• Two of three care homes where victims lived have been closed down but only one member of staff was sacked


    Rape victim giving evidence is forced to watch harrowing CCTV footage of attack in which she was smashed over head with bottle and dragged into factory by her hair

  • The woman was made to relive her ordeal at the hands of Mohammed Azim
  • She was forced to do so in front of a jury at Wolverhampton Crown Court
  • Footage showed Azim smashing her over the head with a bottle
  • Dragged her into a factory by the hair and subjected her to a 25-minute rape

  • Rape: Attacker Mohammed Azim was jailed for a minimum of 16 years at Stafford Crown Court on Friday

    Patients are badly treated by politicians in the US and Britain

    President Barack Obama should learn the lessons about governments controlling health care from the recent failures in the NHS

    Run the NHS like PC World, says Britain’s leading doctor
    Health service must offer more quality for less money, says Sir Bruce Keogh

    Sir Bruce, who recently completed a report on care failings at 14 hospitals with higher-than-expected mortality rates, and is investigating the crisis at Britain’s A&E wards, said he would fight “absolutely to protect” the principle of a public health service, free at the point of need. However, the NHS needed to learn from the commercial sector, in which the expectation that budgets could not be guaranteed was a constant driver of innovation and efficiency, he said.

    ‘Arms race’ over £5bn in NHS work

    The sick truth about the great NHS redundancy racket: How countless health bosses are being lavishly paid off and then re-hired to do almost identical jobs

    Tuesday 16 July 2013
    The Keogh report leaves us asking – what is Government for?
    The cost of various Health Secretaries’ interventions has been heavy

    The Keogh report into 14 hospital trusts with unusually high death rates focuses, naturally enough, on local standards of care and treatment. But what was the responsibility of successive governments in these unnecessary deaths? I say “successive” because no recent government has an unimpeachable record in its management of the NHS.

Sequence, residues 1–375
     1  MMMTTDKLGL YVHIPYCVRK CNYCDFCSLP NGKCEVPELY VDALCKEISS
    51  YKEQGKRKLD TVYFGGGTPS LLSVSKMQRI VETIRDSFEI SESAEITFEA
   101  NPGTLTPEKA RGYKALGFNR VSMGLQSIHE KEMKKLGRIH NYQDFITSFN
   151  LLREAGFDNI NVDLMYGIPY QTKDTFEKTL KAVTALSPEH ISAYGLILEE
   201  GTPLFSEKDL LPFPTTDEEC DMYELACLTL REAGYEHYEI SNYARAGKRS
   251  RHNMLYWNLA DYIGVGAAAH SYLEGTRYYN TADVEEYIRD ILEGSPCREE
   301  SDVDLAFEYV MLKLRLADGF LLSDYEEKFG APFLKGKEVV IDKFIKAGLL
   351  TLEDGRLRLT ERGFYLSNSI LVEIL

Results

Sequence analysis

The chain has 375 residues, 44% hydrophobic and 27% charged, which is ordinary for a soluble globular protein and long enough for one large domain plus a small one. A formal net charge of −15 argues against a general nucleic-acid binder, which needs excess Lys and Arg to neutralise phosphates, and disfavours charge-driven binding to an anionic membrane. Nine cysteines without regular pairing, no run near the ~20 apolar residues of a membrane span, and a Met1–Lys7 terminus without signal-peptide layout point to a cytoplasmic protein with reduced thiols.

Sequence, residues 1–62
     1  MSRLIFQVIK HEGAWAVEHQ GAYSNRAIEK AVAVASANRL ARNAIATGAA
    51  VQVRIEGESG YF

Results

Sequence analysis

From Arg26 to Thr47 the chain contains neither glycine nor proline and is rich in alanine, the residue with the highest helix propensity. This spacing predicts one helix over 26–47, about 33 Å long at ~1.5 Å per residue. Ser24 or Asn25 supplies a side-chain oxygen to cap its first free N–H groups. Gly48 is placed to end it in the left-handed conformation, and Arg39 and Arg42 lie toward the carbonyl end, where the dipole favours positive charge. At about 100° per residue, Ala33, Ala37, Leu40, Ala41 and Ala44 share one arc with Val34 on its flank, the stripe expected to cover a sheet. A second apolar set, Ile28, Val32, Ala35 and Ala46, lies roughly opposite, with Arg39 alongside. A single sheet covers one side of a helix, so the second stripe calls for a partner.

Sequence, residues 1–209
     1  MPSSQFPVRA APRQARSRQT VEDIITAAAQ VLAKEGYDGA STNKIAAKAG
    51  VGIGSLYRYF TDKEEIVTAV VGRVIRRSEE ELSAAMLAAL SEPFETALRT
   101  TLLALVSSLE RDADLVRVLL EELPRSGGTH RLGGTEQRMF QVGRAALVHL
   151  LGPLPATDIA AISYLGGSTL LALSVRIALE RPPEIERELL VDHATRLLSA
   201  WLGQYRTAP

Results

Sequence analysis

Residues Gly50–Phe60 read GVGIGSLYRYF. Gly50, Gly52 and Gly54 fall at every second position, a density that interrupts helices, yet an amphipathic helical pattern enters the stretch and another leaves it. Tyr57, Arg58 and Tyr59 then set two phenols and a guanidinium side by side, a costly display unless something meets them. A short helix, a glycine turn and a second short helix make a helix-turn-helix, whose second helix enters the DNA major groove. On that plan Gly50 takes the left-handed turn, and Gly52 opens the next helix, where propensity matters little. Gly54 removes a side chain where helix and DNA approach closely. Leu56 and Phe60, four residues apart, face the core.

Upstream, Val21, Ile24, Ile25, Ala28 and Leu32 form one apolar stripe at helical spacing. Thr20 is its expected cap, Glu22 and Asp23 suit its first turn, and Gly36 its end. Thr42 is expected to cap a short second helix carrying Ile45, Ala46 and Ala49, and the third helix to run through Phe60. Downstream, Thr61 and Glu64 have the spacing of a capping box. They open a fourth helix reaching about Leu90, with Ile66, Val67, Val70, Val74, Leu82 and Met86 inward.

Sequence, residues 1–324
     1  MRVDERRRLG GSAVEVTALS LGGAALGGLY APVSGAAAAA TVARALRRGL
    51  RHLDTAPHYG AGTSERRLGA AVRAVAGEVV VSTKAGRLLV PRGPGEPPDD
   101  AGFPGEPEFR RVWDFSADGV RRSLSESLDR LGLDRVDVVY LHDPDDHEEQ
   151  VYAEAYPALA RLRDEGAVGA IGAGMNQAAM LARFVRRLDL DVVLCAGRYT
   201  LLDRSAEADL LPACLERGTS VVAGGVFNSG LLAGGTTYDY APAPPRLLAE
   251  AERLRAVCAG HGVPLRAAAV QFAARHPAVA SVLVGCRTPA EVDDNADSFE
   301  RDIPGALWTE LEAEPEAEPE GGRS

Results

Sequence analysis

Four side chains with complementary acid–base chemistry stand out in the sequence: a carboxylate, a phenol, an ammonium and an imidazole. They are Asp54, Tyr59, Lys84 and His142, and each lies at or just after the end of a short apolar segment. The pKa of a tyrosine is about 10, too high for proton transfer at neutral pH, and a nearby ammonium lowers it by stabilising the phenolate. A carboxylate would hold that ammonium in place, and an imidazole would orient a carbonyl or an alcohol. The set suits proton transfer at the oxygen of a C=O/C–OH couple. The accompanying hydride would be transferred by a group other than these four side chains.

Politicians have never been able to leave the National Health Service alone. They have an urge to keep on reorganising it, overturning what went before. That itself is a part of the explanation of what has gone wrong. In 1991 the Thatcher government brought in the so-called internal market and put GPs in the driving seat only for Tony Blair to come into power in 1997 determined to scrap these reforms and replace competition with collaboration. But three years later, Labour reversed course. It brought back competition and markets; it drew up a vast array of performance targets and national guidelines in an attempt to create uniform standards of care. Primary care trusts were created to purchase healthcare on behalf of GPs.

    Enough already! So before the 2010 elections, the Conservatives sensibly promised to avoid “massive structural reorganisation”. And then the new Secretary of State, Andrew Lansley, launched probably the most substantial reorganisation the NHS has ever known.

    The cost of these interventions by Secretaries of State, who lacked knowledge of public health or experience in running large organisations, has been heavy. Not only were they expensive, but also they had the effect of switching the attention of senior medical staff away from their patients to organisational matters, and unsettling everybody else down to the most junior nurse. While well-managed hospitals could take these zigzag changes in their stride, the weaker ones, those on the Keogh list, found they were one more heavy burden.

    More important still, a lot of the problems uncovered at the 14 hospitals have to do with staffing levels. And for “staffing levels” read financial resources, the responsibility of government. Earlier this month, Sir David Nicholson, chief executive of
    NHS England, said the health service faced a £30bn black hole in its finances by the end of the decade because of rising demand. And while it would not be the whole answer, it would help if the NHS was able to streamline by centralising services such as accident and emergency care,  cardiac surgery and maternity units. But no, politicians of all parties conspire to thwart plans to save resources.

    Even three Cabinet ministers – Foreign Secretary William Hague, who opposes the downgrading of maternity and children’s services in his constituency; Justice Secretary Chris Grayling and Work and Pensions Secretary Iain Duncan Smith, who lead protests about threats to local A&E units – are prepared to frustrate necessary reform. In at least 15 areas of England the NHS is attempting major reconfiguration but always in the teeth of opposition from MPs of all the main parties. Lord Darzi, the heart surgeon who spent two years as a health minister under Labour redesigning NHS services, calls this “the politics of saving lives versus the politics of saving votes”.